5. Planet Narnia by Michael Ward

If you have ever been under the impression that because C.S. Lewis’ Chronicles of Narnia are written for children they do not deserve serious reflection, then Lewis scholar Michael Ward is here to swat you down–or up, rather, up into the seven-fold heavens of Ptolemy. I had heard, here and there, of the thesis of this book, but knew very little about the details. Ward makes the argument that Lewis had a hidden schema lying behind the Chronicles: each of the seven books correspond to the seven Ptolemaic planets with each irradiated by the entire Medieval and Ancient Greek cosmological superstructure associated with each. This book is academic and unless you are a serious fan of Lewis you’ll likely feel overwhelmed, but there is a more popular level work done by him (The Narnia Code) that I would love to read. I have been reading Lewis for over a dozen years, yet this book opened up aspects of Lewis that I knew nothing about–thoroughly fascinating.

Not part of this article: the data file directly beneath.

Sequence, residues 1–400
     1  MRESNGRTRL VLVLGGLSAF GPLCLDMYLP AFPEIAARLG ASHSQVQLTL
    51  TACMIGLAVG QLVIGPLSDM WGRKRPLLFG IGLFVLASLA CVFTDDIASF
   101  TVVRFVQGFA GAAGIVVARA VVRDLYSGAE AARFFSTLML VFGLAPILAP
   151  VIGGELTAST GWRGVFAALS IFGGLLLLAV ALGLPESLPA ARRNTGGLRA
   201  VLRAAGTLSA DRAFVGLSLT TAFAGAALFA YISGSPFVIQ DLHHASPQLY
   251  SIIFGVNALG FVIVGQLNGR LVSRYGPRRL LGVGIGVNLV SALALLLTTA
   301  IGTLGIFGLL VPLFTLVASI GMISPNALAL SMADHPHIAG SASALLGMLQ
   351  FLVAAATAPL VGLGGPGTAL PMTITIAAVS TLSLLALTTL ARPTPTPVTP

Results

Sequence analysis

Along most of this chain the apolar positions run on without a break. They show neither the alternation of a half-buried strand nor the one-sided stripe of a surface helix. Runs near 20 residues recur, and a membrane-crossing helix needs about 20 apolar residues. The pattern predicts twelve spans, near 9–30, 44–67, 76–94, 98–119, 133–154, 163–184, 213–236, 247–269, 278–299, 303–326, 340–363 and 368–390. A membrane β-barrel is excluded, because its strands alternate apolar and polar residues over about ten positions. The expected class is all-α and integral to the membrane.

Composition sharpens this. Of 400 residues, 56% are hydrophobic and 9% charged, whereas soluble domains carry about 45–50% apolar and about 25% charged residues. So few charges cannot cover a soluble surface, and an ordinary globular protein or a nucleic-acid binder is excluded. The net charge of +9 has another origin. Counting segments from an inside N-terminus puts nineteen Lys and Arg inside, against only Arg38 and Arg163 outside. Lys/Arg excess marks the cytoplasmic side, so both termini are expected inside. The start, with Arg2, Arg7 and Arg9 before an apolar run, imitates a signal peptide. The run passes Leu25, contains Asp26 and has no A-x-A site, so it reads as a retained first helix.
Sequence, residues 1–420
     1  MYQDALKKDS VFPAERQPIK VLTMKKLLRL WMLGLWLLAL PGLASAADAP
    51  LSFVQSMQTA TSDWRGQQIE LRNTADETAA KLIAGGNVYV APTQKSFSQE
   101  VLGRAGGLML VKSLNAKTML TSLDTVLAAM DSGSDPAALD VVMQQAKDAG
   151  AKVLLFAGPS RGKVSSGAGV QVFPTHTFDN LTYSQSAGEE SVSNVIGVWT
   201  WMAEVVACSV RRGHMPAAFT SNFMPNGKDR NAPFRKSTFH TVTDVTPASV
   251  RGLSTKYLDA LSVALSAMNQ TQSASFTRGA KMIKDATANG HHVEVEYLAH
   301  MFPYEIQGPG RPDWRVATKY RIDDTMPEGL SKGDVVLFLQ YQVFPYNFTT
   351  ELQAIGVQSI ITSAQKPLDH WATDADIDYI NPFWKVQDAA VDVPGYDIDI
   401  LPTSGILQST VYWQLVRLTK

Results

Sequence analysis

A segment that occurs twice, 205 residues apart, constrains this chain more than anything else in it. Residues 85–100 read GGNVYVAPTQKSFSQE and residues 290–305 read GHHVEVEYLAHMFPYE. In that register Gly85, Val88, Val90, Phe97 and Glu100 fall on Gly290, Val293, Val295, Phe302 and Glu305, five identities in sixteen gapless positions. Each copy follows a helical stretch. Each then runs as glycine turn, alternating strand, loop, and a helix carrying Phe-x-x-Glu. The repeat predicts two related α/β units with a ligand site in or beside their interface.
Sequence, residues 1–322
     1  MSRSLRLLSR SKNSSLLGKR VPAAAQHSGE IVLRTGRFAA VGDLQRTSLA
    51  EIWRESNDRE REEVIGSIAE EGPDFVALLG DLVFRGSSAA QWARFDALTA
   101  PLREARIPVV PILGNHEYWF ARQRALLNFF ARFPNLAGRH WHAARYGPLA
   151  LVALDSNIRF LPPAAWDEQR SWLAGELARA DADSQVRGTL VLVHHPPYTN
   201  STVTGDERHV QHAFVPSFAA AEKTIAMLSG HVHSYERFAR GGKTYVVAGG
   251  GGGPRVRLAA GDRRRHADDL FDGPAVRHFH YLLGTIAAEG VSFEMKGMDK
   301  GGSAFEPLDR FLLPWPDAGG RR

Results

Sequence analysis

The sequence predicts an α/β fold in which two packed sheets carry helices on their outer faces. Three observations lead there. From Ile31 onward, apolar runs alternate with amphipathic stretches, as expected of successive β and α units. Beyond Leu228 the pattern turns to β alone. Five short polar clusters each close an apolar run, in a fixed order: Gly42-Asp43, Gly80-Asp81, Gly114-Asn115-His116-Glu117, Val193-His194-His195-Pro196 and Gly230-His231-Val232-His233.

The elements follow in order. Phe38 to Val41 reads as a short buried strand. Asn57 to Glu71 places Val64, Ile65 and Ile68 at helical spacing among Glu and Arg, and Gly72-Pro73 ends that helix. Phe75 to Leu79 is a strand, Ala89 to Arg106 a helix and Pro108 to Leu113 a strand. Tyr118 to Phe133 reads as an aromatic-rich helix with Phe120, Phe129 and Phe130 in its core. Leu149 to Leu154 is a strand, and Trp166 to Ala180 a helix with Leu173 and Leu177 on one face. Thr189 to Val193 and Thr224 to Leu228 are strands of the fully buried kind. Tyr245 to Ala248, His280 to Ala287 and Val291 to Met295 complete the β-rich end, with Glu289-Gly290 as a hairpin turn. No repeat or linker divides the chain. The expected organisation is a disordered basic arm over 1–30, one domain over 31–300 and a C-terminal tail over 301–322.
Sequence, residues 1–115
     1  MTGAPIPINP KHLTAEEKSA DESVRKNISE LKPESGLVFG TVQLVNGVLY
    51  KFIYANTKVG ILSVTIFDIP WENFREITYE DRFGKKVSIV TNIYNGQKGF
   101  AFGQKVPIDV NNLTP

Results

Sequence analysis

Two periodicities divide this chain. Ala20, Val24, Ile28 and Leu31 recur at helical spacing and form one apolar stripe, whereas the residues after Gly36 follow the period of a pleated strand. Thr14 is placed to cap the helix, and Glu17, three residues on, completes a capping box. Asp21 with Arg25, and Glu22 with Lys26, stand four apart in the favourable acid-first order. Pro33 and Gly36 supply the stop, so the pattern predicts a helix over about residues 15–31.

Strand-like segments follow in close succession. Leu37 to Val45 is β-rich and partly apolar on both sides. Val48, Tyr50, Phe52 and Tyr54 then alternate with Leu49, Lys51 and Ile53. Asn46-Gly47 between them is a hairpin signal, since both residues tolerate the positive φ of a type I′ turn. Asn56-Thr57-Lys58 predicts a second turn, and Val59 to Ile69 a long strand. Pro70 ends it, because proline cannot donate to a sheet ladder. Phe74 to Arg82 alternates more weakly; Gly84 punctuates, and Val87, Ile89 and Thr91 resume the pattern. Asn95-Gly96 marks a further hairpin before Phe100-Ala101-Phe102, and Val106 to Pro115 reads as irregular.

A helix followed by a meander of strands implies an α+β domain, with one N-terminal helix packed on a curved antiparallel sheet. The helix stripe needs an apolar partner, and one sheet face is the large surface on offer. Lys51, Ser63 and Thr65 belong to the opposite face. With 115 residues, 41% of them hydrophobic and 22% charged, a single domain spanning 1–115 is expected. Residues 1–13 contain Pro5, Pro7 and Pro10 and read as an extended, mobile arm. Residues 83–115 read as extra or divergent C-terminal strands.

4. Wise Blood by Flannery O’Connor

A brilliant and thoroughly discombobulating story about a man haunted by the Jesus he wants so desperately to refuse to believe in, a Jesus who, “move[s] from tree to tree in the back of his mind, a wild ragged figure motioning him to turn around and come off into the dark where he might be walking on the water and not know it and then suddenly know it and drown.” It is as if someone has taken Calvin’s sensus divinitatis and turned it into a gothic novel set in the 1950’s South. The main character, Hazel Motes, fiercely proclaims a staunch atheism, trying to convince everyone that there is no guilt, no sin, no God–but the person he is trying to convince most is himself. And he fails. As a child, Hazel was certain that he was going to grow up to become a preacher, just like his grandfather. After four years serving in the military, however, he realizes that the sin he had been trained to resist is actually quite enticing, and in a moment abandons his entire faith. The rest of the novel unrolls the repercussions of this decision. It’s a jarring and bizarre character display of a tortured conscience who rejects God while simultaneously believing in God, but only as judge, not as savior; who denies sin exists, yet feels miserable and guilty the more he gives himself over to it. O’Connor has her sights fixed on Western modernity that feels it has outgrown God, and man oh man, is she ruthless.